Sunday, August 29, 2004

Trapped by time? Get free by giving one day a week to God: the Sabbath is a gift from God.

I am so grateful to have discovered the wonder, beauty, and power of the Sabbath 14 years ago at our Fall Priests' Retreat given by Fr. William McNamara, o.c.d., and Sr. Sharon Doyle, both formerly of the Spiritual Life Institute of America. Their respect for the Jewish faith and religious/cultural tradition allowed us to discover the gift of the Sabbath, which God entrusted to Israel as custodians for the benefit of humanity.

To put it simply, God - who is infinite and "outside of time" - created us to live, for now, within time. The original sin of Adam and Eve - whoever those first human beings were - was a break in the relationship of trust and intimacy they had enjoyed with God until the time of their rebellion. It was being in communion with God their Creator that kept them in a wonderful state of freedom to live among all the other creatures without losing the true sense of who they were. Once they broke trust with God, their safety net was broken, as it were, and all of creation - even good things - became potentially dangerous for them. Like many native peoples, they appreciated every creature and respected it, recognizing its link with the Creator. After their fall, however, they began to lose sight of the dignity of worth of each creature, and could fall into using it without respect for it and without remembering from whom it came. They became subject to inner attitudes and feelings such as insecurity, fear, acquisitiveness, greed, and anger.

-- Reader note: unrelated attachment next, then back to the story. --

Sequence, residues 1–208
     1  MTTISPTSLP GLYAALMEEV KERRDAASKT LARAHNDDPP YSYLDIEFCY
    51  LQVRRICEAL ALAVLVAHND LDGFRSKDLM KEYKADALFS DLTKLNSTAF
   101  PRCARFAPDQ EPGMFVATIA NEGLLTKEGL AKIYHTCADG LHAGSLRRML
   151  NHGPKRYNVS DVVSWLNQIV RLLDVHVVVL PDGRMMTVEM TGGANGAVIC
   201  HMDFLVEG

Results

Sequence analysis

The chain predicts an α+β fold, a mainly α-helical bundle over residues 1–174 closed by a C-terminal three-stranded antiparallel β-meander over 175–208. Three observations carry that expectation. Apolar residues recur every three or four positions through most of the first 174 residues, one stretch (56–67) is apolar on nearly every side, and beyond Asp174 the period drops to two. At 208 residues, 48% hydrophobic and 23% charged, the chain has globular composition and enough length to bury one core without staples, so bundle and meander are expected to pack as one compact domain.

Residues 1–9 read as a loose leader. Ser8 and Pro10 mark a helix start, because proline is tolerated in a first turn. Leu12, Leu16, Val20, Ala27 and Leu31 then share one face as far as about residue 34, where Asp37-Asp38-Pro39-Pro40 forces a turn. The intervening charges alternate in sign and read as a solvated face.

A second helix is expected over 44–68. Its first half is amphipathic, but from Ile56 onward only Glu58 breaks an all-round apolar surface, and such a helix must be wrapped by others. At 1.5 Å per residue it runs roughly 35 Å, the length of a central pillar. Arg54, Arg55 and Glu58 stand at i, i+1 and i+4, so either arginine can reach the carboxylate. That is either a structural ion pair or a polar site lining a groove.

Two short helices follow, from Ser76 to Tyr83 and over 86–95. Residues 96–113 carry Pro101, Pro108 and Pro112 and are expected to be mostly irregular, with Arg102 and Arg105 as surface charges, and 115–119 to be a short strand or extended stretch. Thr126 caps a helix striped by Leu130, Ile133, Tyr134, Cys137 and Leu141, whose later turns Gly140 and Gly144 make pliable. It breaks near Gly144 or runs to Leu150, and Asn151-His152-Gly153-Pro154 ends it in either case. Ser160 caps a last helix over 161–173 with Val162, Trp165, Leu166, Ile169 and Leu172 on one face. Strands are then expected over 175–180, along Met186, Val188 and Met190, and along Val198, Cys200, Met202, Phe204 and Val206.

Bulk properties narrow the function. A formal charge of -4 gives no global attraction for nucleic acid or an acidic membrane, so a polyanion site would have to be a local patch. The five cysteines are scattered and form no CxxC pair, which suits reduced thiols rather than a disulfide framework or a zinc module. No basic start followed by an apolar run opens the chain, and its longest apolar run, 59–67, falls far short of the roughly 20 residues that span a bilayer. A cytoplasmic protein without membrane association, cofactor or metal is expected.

Even time became a threat and remains dangerous for human beings to this day. The more we try to control time, the more we end up trapped by it. In his mercy, God gave to his Chosen People in the desert, through Moses, the Ten Commandments (see the Books of Exodus and Deuteronomy in the Torah/Law part of the Bible, in the beginning). God said to the people then and He says to us now, "Listen. I have given you seven days. You may work six days, but you must not work on the seventh day (Sabbath). The Sabbath belongs to Me. Give it back to me, and my blessing will be upon you, and you will not fall under the power of time. Observe the Sabbath rest by taking time to worship Me with your family and your people, and then spend the rest of the day in My presence: discussing all that I have done for you, studying my Word to you, delighting in my love and mercy upon you, and celebrating with joy the life that I am giving to you in peace, quiet, mirth, and festivity with your family and friends. Do this, and you shall live. Fail to do it, and you will find yourself living a half life, living to work, a slave of time."